tefillin


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Related to tefillin: Tallit

te·fil·lin

 (tə-fĭl′ĭn, -fē-lēn′)
pl.n. Judaism
The phylacteries.

[Mishnaic Hebrew təpillîn, pl. of təpillâ, prayer, from Hebrew hitpallēl, to pray; see pll in Semitic roots.]

te•fil•lin

(təˈfɪl ɪn; Heb. tə fiˈlin)

n.pl. Judaism.
the phylacteries.
[1605–15; < Hebrew təphillīn, akin to təphillāh prayer]

tefillin

Small black boxes containing scriptures and worn on the forehead and left arm.
ThesaurusAntonymsRelated WordsSynonymsLegend:
Noun1.tefillin - (Judaism) either of two small leather cases containing texts from the Hebrew Scriptures (known collectively as tefillin)tefillin - (Judaism) either of two small leather cases containing texts from the Hebrew Scriptures (known collectively as tefillin); traditionally worn (on the forehead and the left arm) by Jewish men during morning prayer
Judaism - the monotheistic religion of the Jews having its spiritual and ethical principles embodied chiefly in the Torah and in the Talmud
reminder - a message that helps you remember something; "he ignored his wife's reminders"
Translations
References in periodicals archive ?
But as soon as he came to the United States, he confessed to me, he started to realize how important Judaism truly was to him, which led him to lay tefillin every morning.
Wearing Jewish prayer shawls and tefillin (phylacteries) in an Arab state that does not maintain diplomatic relations with Israel, the men danced in a circle to the song, "Am Yisrael Chai" (the people of Israel live).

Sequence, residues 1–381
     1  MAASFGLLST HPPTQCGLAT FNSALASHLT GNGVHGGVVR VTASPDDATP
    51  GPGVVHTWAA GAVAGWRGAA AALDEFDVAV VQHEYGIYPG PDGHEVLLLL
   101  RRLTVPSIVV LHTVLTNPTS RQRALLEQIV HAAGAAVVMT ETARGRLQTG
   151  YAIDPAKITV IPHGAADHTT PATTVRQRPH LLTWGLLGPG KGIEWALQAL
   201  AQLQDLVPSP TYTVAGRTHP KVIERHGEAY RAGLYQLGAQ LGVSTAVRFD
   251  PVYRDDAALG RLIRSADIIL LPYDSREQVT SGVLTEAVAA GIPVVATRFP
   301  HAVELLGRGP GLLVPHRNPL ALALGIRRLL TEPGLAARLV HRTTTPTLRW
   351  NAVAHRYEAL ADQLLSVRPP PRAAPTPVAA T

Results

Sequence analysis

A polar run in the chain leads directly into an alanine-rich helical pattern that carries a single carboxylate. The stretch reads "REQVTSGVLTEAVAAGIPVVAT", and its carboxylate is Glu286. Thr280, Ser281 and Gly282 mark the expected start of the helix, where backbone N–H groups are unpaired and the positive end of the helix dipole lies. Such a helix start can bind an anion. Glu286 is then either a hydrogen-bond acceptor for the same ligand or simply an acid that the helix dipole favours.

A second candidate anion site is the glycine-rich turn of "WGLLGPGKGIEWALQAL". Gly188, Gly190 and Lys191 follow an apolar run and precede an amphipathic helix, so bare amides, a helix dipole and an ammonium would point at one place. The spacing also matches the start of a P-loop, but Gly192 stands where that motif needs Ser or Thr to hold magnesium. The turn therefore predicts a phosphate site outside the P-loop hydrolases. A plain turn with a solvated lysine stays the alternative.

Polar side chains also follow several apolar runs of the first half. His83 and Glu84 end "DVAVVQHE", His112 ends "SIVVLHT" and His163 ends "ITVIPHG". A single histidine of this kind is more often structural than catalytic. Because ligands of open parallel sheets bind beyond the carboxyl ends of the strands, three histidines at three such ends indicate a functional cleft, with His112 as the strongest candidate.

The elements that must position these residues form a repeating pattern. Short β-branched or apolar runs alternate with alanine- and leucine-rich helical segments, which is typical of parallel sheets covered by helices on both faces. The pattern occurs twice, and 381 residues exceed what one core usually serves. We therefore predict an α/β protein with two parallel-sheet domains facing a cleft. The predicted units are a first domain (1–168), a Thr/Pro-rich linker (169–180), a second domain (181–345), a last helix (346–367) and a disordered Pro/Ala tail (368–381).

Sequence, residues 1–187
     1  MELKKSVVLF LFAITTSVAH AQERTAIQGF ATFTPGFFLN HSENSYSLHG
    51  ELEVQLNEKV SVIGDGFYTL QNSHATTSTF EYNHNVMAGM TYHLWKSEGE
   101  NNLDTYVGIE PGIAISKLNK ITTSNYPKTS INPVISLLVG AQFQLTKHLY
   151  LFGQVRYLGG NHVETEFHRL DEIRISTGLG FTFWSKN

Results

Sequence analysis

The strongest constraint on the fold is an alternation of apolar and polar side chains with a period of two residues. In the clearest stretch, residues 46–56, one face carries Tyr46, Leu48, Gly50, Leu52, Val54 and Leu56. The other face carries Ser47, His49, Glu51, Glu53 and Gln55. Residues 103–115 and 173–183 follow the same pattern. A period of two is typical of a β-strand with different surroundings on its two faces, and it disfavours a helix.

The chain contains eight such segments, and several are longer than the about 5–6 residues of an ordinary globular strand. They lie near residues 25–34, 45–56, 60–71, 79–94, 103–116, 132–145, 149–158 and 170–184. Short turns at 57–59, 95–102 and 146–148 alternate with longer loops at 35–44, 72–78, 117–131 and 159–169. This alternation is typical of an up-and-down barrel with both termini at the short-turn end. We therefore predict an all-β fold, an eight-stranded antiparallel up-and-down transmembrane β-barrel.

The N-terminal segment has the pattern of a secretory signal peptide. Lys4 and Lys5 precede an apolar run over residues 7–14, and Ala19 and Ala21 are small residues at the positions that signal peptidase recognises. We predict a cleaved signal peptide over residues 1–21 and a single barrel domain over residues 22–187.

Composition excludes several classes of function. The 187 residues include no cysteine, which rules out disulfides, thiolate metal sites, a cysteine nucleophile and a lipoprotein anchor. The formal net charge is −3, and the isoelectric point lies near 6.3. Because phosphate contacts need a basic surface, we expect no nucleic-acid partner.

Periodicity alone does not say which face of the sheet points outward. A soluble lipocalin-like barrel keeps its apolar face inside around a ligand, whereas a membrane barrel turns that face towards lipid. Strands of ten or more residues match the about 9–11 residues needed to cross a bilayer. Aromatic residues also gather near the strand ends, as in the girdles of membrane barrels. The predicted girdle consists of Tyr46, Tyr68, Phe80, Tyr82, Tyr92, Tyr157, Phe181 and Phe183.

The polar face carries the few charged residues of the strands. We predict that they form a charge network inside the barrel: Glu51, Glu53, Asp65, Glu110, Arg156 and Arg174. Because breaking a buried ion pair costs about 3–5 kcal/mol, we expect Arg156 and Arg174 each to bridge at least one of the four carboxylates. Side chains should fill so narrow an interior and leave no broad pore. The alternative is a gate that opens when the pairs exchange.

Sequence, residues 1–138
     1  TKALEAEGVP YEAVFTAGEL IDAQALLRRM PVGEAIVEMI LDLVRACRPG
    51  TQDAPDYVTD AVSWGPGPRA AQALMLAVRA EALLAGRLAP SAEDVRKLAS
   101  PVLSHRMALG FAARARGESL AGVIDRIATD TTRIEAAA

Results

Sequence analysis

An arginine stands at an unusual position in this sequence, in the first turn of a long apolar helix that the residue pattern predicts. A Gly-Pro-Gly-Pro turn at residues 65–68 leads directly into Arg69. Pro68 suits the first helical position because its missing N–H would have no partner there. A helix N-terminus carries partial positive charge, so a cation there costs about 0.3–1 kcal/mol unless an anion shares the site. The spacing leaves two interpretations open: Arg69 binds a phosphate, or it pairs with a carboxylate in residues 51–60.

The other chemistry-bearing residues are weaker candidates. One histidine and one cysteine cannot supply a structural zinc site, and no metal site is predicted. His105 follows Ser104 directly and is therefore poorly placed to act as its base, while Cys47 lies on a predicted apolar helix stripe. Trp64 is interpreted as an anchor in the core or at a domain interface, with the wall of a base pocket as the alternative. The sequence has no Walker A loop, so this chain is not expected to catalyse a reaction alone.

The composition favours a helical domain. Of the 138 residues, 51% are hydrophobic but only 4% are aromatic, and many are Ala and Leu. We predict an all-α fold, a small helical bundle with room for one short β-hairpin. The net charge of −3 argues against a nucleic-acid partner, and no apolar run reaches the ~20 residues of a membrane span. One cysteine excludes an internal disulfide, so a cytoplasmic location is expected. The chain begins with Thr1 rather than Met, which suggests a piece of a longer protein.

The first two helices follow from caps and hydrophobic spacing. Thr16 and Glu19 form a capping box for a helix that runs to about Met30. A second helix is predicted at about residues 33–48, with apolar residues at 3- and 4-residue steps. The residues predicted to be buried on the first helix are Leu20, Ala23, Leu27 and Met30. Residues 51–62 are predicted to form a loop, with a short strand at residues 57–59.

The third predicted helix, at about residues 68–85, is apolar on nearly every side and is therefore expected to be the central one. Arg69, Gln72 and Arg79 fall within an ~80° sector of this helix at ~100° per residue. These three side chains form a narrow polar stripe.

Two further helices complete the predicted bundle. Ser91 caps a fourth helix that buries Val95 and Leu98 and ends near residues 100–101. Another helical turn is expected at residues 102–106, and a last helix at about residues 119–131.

The next generation of robots is going to lay tefillin and sing "Hatikva." Note, however, that the moment we ask, "Can a robot be X?"--we find ourselves viewing X from a fresh new perspective, and we end up gaining a deeper understanding of what the essence of X is.
This practice is common in Judaism, wherein tefillin or phylacteries, small boxes containing verses from the Torah, are worn on the head and left arm during prayers, as an expression of Deuteronomy 11:18 ("Fix these words of mine in your hearts and minds; tie them as symbols on your hands and bind them on your foreheads").
They damaged and "soiled" prayer shawls and tefillin, the leather phylacteries traditionally worn by men during prayers.
They conjoin believers' lives to the sacred, which is why they must be kept in physical proximity: Jews attach tefillin to their arm and forehead; Christians wear crosses; Muslim pilgrims walk around the Kaaba seven times.
Beginning with the aforementioned ideal of monotheism, the passages that follow impel the speaker to love God, teach Judaism to one's children, recognize divine reward and punishment, and to fulfill the positive commandments of tefillin, (1) mezuzah, (2) and tzitzit (3) (Telushkin, 667).
A Passover image shows an Egyptian pyramid made of matzo; another crafts a city's wall of tefillin, or phylacteries.
For example, a turning point for men is when they stop putting on tefillin (phylacteries), while women, by contrast, often stop shaving their hair under their wigs.
Our Rabbis taught: Beloved are Israel, for the Holy One, blessed be He, surrounded them with precepts: tefillin on their heads, tefillin on their arms, tzitzit [fringes] on their garments, and mezuzot on their doorposts.
As well, his uncle's gift to him of various Judaica, including a tallis, or prayer shawl, a daily prayer book, and a set of tefillin, two black leather boxes containing biblical texts on parchment, provided symbolic anchor points for a young boy very much at sea following his father's death.
We don't know what the impact of putting on tefillin is.